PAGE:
Photo above: Original QUAD 303 Driver and Regulator boards. Image courtesy DocPlayer.net.
Indeed, part of QUAD’s longstanding appeal has been product durability, a lesson learned by Walker in the ’30s and early ‘40s when he was designing components meant for public address venues. Gear which often had to stand-up to the rigours of transport that portability inferred, but this also translated into a domestic-market focus on durability. He chose to design circuit architecture around easily available components which were used as much for their sonic capabilities as their durability. A case in point being how little of the circuit path requires servicing or replacement by QUAD itself (who still repairs them) and the numerous Quad restoration companies which have sprung-up catering to 33/303 owners. Most charge approximately $400 USD for an overhaul of the preamp and power amp. Both of which have been out of production for almost 40 years. Most 303s require only replacement of passive components such as capacitors, carbon resistors, small electrolytics, or engagement adjusters like potentiometers. Some could benefit from updated wiring or minor soldering, but that’s it – a testament to the quality control of the company, especially from a time when everything was done by hand and strict tolerances had to be accounted for by humans – no robotics or computers involved.
Photos above: Donna Leake in her London home with her Tannoy/QUAD systems. Photos by Silvia Gin.
When she’s wasn’t curating playlists for her monthly radio show on NTS, or dropping the needle on sets at London’s slow-music haven, Brilliant Corners, UK selector, and rare-groove collector Donna Leake was quietly building out her vintage Tannoy and QUAD home system. Her time at the East London restaurant exposed her to the ability of a well thought-out sound system to move people on the dance floor – to energize a room. “I realized exactly how the speaker alone is not the whole sound, I learnt how the amps/preamp, mixer, needles, the room, etc., all played a part in what one was hearing.” Practical in her appreciation of the QUAD 303, of which she currently owns three, Leake sought out advice from friends with hi-fi experience before deciding to solely use QUAD amplification in her set-up. Two 303s and a 405 drive a pair of Tannoy Ardens, Tannoy Berkeleys and 15-inch Tannoy 3809 studio monitors via a bespoke E&S DJR 400 mixer, the third 303 is driven by a QUAD 44 preamplifier and runs Rogers Studio 1 monitors. Describing her dive further into hi-fi, Leake said, "...it certainly made me appreciate the beauty of an album and by extension the quality of the recording, production and mastering of an album. You really hear an LP in a different light when you’ve set it up in a certain way on a specific system. Sometimes I’ll hear an instrument I’ve never heard in an album I thought I was totally familiar with ... I have become interested more in the subtlety of slightly more experimental or ambient sounds since starting to listen on sensitive systems.”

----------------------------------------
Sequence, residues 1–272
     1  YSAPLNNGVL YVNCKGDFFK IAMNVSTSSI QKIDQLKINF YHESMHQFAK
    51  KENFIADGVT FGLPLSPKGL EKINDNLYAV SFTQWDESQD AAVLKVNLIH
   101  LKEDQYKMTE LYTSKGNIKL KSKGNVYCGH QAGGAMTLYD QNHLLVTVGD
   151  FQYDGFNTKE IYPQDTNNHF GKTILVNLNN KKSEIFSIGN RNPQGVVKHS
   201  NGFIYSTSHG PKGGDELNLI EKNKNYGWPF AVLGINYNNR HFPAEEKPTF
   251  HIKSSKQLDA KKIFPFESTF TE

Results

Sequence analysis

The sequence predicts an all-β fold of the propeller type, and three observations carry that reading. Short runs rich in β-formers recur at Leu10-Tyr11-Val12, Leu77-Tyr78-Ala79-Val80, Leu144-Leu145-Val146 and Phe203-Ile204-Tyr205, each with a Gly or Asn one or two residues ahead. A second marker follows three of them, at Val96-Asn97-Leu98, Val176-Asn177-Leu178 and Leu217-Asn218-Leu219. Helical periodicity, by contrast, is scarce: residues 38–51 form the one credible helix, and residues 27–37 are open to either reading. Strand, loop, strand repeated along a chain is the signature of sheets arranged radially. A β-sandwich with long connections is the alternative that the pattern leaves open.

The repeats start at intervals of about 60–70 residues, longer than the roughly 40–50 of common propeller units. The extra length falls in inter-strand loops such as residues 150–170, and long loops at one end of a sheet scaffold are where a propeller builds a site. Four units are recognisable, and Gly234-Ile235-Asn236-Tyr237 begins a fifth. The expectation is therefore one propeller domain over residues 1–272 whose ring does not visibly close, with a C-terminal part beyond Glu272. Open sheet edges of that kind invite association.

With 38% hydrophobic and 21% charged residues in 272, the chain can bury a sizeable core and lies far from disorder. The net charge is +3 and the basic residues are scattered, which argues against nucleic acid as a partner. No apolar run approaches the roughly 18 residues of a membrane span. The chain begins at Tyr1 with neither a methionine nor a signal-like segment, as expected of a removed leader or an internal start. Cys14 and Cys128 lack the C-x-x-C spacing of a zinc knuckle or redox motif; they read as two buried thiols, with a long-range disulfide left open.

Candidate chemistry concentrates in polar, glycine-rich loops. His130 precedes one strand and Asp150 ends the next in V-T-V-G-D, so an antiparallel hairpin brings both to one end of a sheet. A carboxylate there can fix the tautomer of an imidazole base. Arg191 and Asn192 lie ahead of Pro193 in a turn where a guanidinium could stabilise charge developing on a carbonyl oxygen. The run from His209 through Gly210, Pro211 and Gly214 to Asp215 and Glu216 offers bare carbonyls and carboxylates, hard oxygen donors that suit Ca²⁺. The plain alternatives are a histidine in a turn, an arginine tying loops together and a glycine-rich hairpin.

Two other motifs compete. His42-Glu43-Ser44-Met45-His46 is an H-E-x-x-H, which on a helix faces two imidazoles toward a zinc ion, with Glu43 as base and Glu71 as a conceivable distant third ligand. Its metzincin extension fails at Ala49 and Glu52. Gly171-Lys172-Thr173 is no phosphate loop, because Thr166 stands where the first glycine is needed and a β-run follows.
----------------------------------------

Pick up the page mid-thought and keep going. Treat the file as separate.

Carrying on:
Many 33/303 combinations are easily found with an online search through local secondhand classifieds ranging from $400 USD~$900 USD depending on their condition. Add-in a CD, or turntable as source and a pair of reasonably-driven vintage loudspeakers and suddenly, for a nominal investment, one has access to sonic fidelity which is off-putting to many audiophiles having spent far more, only to not better it. Therein lies the key to the QUAD 33/303’s longevity and continued influence: they were designed and built for a tomorrow that came and went, and then came back again. They’ve been around so long that not only did they impact amplifier aesthetics and signal paths, they helped determine a metric for sound of an era. An era that is gaining notoriety today for durable, simplistic construction, out-of-the-box circuit design, along with dynamic, present and satisfying playback. Qualities that resonate with music lovers and record or CD collectors who appreciate great sound from hi-fi kit without the cost many espouse as essential for modern fidelity. With modest service requirements needing to be addressed only after decades of use, the 54-year-old QUAD 303 power amplifier and its matching 33 control preamplifier are two of the most elegant hi-fi bargains to ever play music.